In spite of President Bush's recent efforts to push his plan to overhaul Social Security, a majority of Americans surveyed disapprove of Bush's handling of the issue, according to a recent poll.

Some 60 percent of 1,000 adults surveyed disapprove of the president's handling of Social Security, according to a poll commissioned this month by the Associated Press.

The majority of Americans wouldn't accept lower Social Security benefits even if it meant benefits for poorer retirees wouldn't be cut, according to the survey conducted by Ipsos Public Affairs. Fifty-six percent of respondents said they wouldn't be willing to accept lower benefits to stave off cuts for poorer retirees, while 40 percent said they would, and 4 percent were unsure.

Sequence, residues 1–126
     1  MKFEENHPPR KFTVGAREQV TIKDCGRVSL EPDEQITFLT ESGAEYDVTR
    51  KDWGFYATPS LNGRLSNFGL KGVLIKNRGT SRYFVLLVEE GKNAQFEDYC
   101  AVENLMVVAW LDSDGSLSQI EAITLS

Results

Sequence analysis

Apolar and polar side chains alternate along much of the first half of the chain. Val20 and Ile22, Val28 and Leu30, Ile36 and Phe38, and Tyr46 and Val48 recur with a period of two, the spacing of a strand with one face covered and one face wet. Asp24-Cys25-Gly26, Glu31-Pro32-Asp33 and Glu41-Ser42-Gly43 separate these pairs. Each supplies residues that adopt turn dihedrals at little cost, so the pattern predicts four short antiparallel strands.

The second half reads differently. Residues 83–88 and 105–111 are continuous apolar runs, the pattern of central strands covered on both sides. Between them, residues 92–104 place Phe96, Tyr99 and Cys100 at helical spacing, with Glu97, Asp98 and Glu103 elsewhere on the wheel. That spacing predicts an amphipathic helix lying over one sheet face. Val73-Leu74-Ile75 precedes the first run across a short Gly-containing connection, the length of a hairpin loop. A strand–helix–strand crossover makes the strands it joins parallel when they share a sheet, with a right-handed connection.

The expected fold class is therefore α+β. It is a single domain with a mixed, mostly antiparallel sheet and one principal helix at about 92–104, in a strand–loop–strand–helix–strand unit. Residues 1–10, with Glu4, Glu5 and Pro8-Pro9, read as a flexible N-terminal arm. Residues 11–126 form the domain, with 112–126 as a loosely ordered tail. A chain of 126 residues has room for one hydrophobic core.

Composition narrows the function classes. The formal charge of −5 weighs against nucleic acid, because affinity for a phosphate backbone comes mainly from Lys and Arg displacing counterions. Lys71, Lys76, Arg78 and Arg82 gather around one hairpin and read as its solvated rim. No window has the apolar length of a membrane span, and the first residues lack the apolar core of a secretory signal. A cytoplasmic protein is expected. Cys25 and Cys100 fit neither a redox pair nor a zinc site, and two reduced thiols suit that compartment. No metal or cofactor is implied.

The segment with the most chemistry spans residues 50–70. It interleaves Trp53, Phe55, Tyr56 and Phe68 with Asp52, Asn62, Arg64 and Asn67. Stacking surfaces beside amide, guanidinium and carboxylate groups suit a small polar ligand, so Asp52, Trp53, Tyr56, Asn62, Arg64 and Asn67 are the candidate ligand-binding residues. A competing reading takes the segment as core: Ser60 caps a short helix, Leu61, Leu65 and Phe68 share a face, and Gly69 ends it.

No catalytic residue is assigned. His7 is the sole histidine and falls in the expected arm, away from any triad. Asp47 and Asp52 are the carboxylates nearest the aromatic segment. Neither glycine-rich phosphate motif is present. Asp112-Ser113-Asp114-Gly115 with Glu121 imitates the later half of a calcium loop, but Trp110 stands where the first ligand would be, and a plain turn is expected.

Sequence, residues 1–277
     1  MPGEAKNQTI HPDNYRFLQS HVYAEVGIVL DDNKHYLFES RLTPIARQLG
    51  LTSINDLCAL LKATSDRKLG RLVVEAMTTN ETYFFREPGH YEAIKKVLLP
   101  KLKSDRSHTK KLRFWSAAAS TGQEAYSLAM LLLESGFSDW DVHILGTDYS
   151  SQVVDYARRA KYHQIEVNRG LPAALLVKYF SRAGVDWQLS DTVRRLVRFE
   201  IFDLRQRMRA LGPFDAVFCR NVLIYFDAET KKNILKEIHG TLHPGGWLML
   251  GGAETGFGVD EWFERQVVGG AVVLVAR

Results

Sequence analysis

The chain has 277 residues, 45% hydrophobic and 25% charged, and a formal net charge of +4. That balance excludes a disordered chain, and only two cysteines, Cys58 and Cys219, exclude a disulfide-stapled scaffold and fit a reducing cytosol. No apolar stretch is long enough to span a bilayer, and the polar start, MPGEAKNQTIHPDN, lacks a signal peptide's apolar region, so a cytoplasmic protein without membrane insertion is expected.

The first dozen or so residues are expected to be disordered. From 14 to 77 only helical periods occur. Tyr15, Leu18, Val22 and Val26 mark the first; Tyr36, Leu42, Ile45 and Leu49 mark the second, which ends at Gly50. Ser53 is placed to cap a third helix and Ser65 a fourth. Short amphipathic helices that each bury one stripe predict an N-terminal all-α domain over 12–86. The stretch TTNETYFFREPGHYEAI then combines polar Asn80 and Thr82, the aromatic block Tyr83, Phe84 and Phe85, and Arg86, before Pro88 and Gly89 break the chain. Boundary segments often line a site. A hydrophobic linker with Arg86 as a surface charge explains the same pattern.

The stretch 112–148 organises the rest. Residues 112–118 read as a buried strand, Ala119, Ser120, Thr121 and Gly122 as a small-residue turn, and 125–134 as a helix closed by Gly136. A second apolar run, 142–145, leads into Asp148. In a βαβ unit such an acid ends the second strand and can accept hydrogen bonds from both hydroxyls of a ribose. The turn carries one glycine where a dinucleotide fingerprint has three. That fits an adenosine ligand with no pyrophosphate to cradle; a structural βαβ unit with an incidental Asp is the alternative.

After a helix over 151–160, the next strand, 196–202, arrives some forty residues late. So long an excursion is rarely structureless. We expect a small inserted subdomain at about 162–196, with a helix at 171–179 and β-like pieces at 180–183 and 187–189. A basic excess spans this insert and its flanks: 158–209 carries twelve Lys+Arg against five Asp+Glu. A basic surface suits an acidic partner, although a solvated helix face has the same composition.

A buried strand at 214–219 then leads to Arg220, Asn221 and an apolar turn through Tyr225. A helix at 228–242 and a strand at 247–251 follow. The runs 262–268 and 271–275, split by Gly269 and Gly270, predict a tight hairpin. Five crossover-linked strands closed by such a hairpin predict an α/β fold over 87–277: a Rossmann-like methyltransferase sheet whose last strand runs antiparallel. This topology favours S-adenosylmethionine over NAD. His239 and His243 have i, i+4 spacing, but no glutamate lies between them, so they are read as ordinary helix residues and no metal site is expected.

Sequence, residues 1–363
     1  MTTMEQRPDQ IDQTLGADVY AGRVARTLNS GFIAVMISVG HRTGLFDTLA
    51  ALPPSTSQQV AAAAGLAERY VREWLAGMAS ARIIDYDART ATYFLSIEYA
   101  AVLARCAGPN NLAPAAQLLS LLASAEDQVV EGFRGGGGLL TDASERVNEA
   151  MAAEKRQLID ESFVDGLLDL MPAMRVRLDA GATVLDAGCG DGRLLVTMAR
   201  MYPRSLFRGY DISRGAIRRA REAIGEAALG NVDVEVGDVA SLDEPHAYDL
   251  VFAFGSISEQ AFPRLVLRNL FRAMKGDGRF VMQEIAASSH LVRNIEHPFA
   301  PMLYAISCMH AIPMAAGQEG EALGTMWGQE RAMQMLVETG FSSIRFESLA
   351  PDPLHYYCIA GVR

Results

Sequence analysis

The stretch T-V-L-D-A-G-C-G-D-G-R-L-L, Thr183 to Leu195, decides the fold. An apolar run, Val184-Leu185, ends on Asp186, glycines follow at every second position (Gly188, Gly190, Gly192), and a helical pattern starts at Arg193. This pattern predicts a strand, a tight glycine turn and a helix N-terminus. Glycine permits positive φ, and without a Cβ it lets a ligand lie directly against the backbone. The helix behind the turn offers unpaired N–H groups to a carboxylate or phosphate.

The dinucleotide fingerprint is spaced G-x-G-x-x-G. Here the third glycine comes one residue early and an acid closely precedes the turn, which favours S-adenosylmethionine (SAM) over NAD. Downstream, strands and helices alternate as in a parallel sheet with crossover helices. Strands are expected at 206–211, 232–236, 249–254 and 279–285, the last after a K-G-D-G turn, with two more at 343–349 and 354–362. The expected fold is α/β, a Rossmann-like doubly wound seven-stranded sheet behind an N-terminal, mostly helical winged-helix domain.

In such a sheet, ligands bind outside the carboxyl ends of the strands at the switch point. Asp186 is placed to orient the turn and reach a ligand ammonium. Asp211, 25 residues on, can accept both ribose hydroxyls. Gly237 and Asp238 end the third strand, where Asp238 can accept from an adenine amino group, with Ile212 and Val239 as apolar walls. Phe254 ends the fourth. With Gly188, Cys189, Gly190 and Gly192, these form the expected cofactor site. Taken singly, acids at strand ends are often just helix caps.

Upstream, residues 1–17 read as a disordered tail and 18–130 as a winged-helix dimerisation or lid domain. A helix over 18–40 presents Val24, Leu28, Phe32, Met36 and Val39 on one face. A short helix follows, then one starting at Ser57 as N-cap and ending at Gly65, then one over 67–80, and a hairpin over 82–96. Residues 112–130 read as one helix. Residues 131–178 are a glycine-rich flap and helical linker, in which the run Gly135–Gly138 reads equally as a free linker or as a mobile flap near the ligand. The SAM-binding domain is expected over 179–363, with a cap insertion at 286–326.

Seventy percent of those surveyed agreed that the Social Security program in its present form will run out of money at some point to pay all of the promised benefits, while 27 percent disagreed and 3 percent were unsure.

Nearly half of those polled (48 percent) said they trusted Democrats more to handle the issue of Social Security, while 36 percent indicated they'd trust Republicans more, and 15 percent said they trust neither.

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